• The Commission’s advisory position to the Parliament on the Amended Domestic Violence Bill which  seeks to  decriminalize  FGM, contrary to the original Bill which criminalizes FGM;
  • Advisory to the Government on the State of Emergency during the Ebola crisis

Regarding advocacy thus undertaken by the Commission to harmonize Liberia’s laws and practices, the Commission in consultation with civil society organizations is campaigning for the elimination of the death penalty in furtherance of International Covenant on Civil and Political Rights Optional Protocol II. Additionally, the Commission has openly supported the United Nations Security Council Resolution that imposes a travel ban and asset freeze on several persons in Liberia.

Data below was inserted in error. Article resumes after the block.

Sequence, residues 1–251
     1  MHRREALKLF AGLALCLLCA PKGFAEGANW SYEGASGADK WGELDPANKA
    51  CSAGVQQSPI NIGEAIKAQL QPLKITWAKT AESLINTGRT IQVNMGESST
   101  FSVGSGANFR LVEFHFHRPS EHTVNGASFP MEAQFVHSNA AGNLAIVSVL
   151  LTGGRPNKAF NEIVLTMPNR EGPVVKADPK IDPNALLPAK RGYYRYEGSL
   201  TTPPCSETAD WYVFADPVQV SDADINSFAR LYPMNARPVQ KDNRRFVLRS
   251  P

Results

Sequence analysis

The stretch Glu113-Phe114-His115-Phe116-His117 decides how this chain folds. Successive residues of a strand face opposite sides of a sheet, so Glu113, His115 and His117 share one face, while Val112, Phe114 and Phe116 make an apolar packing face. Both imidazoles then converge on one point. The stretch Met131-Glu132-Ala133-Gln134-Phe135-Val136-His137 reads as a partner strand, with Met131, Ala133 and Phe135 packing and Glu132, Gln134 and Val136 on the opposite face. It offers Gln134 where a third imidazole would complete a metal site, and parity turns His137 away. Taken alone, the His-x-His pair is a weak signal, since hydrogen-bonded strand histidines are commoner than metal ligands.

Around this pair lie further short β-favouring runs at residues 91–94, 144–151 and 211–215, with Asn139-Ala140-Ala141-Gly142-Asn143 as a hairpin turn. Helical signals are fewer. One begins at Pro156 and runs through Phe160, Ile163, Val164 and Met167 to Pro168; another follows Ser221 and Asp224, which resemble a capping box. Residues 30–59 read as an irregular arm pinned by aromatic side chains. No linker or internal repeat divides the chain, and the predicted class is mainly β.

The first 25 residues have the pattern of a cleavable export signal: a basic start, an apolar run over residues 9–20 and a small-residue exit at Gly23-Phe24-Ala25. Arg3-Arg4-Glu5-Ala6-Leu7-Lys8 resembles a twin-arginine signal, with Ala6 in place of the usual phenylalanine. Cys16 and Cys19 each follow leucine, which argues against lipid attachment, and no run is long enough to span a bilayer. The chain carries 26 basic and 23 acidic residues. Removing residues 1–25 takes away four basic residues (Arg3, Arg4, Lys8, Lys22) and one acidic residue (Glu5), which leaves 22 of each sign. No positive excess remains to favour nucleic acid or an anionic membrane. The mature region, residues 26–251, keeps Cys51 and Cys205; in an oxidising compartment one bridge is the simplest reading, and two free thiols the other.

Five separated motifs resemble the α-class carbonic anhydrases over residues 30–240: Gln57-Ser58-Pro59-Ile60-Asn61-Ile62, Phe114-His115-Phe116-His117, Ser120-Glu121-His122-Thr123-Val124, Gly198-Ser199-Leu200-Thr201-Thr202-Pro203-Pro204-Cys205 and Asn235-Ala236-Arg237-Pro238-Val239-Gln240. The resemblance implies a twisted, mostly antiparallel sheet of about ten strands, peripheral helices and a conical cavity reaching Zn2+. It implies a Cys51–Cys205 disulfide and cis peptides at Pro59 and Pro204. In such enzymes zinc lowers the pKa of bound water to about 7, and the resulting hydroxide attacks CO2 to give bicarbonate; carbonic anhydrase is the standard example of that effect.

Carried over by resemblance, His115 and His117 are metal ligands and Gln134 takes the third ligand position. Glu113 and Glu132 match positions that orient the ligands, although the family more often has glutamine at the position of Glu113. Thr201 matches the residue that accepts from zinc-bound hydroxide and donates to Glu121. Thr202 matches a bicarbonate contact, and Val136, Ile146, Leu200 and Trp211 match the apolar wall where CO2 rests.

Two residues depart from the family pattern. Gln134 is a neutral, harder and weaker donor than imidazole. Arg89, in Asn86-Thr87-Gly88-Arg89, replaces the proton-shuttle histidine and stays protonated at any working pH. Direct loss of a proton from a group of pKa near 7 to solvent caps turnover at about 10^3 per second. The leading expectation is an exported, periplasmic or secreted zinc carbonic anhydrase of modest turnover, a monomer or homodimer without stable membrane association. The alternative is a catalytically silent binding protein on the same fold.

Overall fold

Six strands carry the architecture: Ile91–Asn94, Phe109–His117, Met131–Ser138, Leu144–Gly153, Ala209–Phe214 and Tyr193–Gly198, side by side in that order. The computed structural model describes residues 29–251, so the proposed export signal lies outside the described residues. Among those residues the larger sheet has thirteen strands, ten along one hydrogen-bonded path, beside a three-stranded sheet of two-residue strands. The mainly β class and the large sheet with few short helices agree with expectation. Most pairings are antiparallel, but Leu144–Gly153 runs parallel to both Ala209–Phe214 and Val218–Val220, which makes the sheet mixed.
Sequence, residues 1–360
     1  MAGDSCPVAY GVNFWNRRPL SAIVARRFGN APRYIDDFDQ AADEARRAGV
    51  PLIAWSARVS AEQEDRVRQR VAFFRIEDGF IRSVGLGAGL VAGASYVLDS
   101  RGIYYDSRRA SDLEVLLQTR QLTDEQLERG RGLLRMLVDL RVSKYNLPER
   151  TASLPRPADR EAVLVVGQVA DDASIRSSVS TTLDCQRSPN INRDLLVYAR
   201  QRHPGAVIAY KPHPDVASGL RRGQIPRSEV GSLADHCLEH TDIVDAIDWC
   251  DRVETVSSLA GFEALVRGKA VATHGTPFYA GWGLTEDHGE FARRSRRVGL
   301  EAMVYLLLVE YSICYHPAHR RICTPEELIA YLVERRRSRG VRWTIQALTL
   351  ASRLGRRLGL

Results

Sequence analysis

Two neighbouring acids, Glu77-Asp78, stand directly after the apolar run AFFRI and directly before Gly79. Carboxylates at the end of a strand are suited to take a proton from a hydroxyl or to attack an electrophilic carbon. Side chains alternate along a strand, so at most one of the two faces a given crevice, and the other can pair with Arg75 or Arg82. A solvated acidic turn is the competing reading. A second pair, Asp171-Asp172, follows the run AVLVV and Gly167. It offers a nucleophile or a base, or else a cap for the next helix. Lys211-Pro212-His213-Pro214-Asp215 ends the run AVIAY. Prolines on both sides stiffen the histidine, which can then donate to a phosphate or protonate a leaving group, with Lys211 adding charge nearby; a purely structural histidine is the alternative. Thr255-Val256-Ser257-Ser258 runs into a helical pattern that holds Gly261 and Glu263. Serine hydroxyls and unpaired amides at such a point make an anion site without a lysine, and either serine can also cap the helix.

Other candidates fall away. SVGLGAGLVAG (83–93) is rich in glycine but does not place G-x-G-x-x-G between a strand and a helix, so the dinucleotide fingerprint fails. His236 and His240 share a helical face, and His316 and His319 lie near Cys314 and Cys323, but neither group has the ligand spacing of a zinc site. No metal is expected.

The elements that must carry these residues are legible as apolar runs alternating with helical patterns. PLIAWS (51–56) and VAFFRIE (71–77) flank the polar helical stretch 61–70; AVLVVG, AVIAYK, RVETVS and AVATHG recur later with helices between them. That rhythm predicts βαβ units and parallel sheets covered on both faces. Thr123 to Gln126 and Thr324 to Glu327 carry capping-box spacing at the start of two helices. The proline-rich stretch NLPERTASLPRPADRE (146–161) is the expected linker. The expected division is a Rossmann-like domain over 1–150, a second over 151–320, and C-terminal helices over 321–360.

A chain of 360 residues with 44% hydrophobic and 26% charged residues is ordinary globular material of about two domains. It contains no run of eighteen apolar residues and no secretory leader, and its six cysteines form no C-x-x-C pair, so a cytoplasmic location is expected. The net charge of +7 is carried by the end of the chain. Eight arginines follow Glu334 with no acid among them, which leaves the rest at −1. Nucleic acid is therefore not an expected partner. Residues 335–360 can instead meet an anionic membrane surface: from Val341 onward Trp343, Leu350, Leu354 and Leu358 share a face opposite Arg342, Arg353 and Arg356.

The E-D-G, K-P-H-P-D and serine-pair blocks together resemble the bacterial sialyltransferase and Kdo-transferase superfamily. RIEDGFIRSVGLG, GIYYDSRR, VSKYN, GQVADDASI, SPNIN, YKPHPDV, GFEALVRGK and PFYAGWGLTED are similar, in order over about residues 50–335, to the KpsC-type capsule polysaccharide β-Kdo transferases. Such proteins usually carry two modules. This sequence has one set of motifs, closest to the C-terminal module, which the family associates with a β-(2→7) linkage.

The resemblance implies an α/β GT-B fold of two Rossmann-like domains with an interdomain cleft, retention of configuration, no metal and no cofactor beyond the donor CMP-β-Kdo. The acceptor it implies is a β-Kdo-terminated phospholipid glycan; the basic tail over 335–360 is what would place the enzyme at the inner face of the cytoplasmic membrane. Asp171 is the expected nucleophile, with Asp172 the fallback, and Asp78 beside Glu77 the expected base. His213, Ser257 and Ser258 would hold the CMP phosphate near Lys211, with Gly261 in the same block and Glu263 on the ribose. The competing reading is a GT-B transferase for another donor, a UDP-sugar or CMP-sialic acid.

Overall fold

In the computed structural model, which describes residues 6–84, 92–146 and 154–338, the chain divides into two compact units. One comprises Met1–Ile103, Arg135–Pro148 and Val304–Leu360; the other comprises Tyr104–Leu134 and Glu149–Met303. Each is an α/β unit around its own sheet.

6.2 Advisory Functions

Article IV(3) of its Act confers on the Commission powers to submit to the Government, Senate,and any other competent body, on an advisory basis, either at the request of the authorities concerned or on its own motion, opinions, recommendations, proposals, and reports on any matters concerning the protection and promotion of human rights.

6.2.1 Functions Regarding National Legislation